How Sherry Became Hip (And How To Drink It)
Left: Fino. Photograph courtesy of XECO. Centre: Dry Oloroso, Sanlúcar de Barrameda. Photograph courtesy of Berry Bros & Rudd. Right: Amontillado Napoleón. Photograph courtesy of Bodegas Hidalgo La Gitana
Why you should be sipping sherry this season, plus three recipes to try.
In drinking, as in life, I am a man of broad tastes. But if I had to choose one kind of booze for the rest of my days, it would definitely be sherry.
Sherry does most of the things that you want wine to do. It warms, it revives, it loosens conversation and it goes wonderfully with food. A glass of chilled manzanilla is an excellent match for seafood. But I will raise you a nutty glass of amontillado with a juicy pink steak; or a slick of Pedro Ximenez with a slab of single-estate chocolate.
Equally, sherry, does most of the things you want spirits to do. See my recipes, below, if you don’t believe me.
Wine geeks have been banging on for years about how complex and versatile and hip sherry is. But secretly, most of us are quite pleased that it has remained unfashionable – sales have been falling since 1979 and halved in the UK between 2005 and 2015 – because it remains cheap. Improbably cheap for something so complex. Tio Pepe Fino, the most common style of fino – fresh, pert, bone-dry – is rarely more than £10 and it’s really good. And if you’re willing to shell out what you might spend on disappointing champagne or an indifferent burgundy, you can buy a truly spectacular 30-year-old gem from a tiny family bodega in the “Sherry Triangle”, ie, the area near Cadiz bordered by Jerez, Sanlucar and Puerto de Santa Maria.
Sherry, I have it on reliable authority, is about to become hip. Mr Mauricio González-Gordon, head of Gonzalez Byass (a leading sherry producer in Spain), recently declared that the era of pushing “volume” was over and the future of sherry lay in small, rare, premium producers: “We feel that consumers’ attitudes are changing,” he declared. Premium sherry is predicted by industry body IWSR to grow 18 per cent between 2016 and 2021.
“It is a fact of life that sales of sherry have been in decline,” says Mr Ben Howkin, sherry expert and advocate of new brand XECO (ie, dry), which is made by a family bodega in Jerez that’s been there since 1876. “It is also a fact of life that today, the largest, finest stocks of quality wines in Europe, if not the world, are to be found in bodegas in Jerez, Puerto de Santa Maria and Sanlucar.” On a recent visit, he noted a “dynamic upswing” in confidence among the bodegas, too.
If you’re doubtful, I’d head straight for a dry amontillado. You’ll be rewarded with something rich and hazelnutty, with further notes of leather, tobacco, dried fruit, vanilla and oak. I like it with a couple of ice cubes. Oloroso is similar in style and equally good with food, especially pork and cheese; Berry Bros & Rudd, the oldest wine merchant in the world, make particularly fine house examples of both. Look out, too, for Amontillado Seco Napoleon Hidalgo (stocked by Majestic) which has an almost bourbon-like richness.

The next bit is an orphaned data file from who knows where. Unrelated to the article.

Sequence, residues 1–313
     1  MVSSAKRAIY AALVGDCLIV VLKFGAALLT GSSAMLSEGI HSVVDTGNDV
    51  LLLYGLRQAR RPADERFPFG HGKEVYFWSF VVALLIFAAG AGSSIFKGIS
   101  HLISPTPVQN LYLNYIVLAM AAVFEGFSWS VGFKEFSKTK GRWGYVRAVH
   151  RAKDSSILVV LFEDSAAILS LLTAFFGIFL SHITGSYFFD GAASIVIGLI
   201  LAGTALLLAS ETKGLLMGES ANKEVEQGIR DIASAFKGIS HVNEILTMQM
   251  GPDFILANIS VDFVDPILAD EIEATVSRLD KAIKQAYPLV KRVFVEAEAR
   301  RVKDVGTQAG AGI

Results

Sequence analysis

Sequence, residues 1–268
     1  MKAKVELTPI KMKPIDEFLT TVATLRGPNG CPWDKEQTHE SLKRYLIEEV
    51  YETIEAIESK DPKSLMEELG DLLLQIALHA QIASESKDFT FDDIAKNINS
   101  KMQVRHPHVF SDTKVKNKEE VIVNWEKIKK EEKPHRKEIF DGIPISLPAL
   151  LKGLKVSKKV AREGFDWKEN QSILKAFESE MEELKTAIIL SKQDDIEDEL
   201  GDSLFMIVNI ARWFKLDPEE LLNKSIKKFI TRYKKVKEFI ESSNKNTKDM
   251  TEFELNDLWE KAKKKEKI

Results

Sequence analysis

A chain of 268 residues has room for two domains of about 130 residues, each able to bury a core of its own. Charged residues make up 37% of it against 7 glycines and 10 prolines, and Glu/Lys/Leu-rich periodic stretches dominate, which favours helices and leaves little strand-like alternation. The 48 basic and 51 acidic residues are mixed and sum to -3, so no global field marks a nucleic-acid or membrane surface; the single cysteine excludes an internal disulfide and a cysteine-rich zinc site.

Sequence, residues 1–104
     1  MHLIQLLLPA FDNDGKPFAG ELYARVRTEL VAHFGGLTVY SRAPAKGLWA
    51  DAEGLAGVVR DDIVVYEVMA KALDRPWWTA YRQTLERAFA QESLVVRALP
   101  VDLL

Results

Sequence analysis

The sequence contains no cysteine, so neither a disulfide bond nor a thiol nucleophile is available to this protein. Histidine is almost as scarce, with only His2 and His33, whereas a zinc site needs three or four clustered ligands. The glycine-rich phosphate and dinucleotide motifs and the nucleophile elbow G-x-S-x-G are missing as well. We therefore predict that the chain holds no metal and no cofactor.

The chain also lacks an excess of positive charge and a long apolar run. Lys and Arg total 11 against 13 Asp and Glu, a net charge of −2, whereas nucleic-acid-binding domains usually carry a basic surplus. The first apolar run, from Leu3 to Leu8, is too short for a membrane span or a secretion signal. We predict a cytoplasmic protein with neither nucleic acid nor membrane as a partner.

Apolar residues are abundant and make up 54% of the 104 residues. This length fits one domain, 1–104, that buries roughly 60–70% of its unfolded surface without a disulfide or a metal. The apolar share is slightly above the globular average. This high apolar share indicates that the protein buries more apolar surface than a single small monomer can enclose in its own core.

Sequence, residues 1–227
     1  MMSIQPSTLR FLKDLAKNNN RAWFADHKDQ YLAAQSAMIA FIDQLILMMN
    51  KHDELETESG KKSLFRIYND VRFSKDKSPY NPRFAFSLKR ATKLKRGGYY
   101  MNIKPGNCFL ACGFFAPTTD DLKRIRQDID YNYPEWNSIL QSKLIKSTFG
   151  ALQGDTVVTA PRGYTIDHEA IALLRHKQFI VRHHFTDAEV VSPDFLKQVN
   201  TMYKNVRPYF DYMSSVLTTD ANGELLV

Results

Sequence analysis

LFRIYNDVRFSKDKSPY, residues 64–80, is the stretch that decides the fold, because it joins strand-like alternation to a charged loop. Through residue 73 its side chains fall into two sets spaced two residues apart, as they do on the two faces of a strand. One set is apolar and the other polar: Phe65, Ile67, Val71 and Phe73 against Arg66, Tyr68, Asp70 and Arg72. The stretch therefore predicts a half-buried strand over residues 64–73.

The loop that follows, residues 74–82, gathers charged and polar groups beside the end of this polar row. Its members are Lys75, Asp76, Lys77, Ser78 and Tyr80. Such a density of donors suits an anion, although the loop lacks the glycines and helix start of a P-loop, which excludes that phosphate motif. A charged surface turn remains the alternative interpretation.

The “hipsters”, meanwhile, are wild for the drier en rama styles: fino and the saltier manzanilla, which are fresher, lower in alcohol (about 15 per cent) and best kept in the fridge and/or served over tons of ice. Fino is excellent with a splash of tonic. XECO’s fino is grassy and floral, with some of that yeasty, biscuity quality you find in champagne.
Then there are the sweet sherries: Pedro Ximenez is thick and viscose, like liquid Christmas pudding.
If you’re mixing, you can use sherry in place of pretty much any cocktail with vermouth in it. But it also works well as a substitute for whatever base spirit you’re using – try a dry amontillado in place of dark spirits like whiskey and fino in place of light spirits like gin. At 15 to 25 per cent ABV, sherry has all the flavour of a spirit without knocking you out so effectively.
50ml gin 25ml fino sherry 1 dash orange bitters
In a mixing vessel, stir the gin and sherry with lots and lots of ice for about 30 seconds. Strain into a chilled cocktail coupe, garnish with a nice fat green olive, and serve with a little plate of boquerones (marinated anchovies).
Sherry old fashioned
50ml oloroso sherry 10ml sugar syrup 1 dash Angostura bitters
Stir all the ingredients patiently together in a large tumbler filled with large cubes of ice. Garnish with an orange-zest twist.
“Without doubt the most popular beverage in the country, with ladies as well as with gentlemen,” wrote Mr Harry Johnson in his Bartender’s Manual Of 1882. This simple combination of sherry, fruit and ice helped popularise the straw and drove the development of the ice trade. It’s all but disappeared from the popular cocktailing imagination and yet it’s still a delightful sip.
50ml amontillado sherry 1 squeeze lemon 10ml sugar syrup Seasonal fruits and herbs
Muddle all the fruits and herbs in the bottom of a highball glass. At this time of year, use figs, pomegranates and oranges. Then add the other ingredients and churn with ice. Garnish with lots of fruit and a sprig of mint.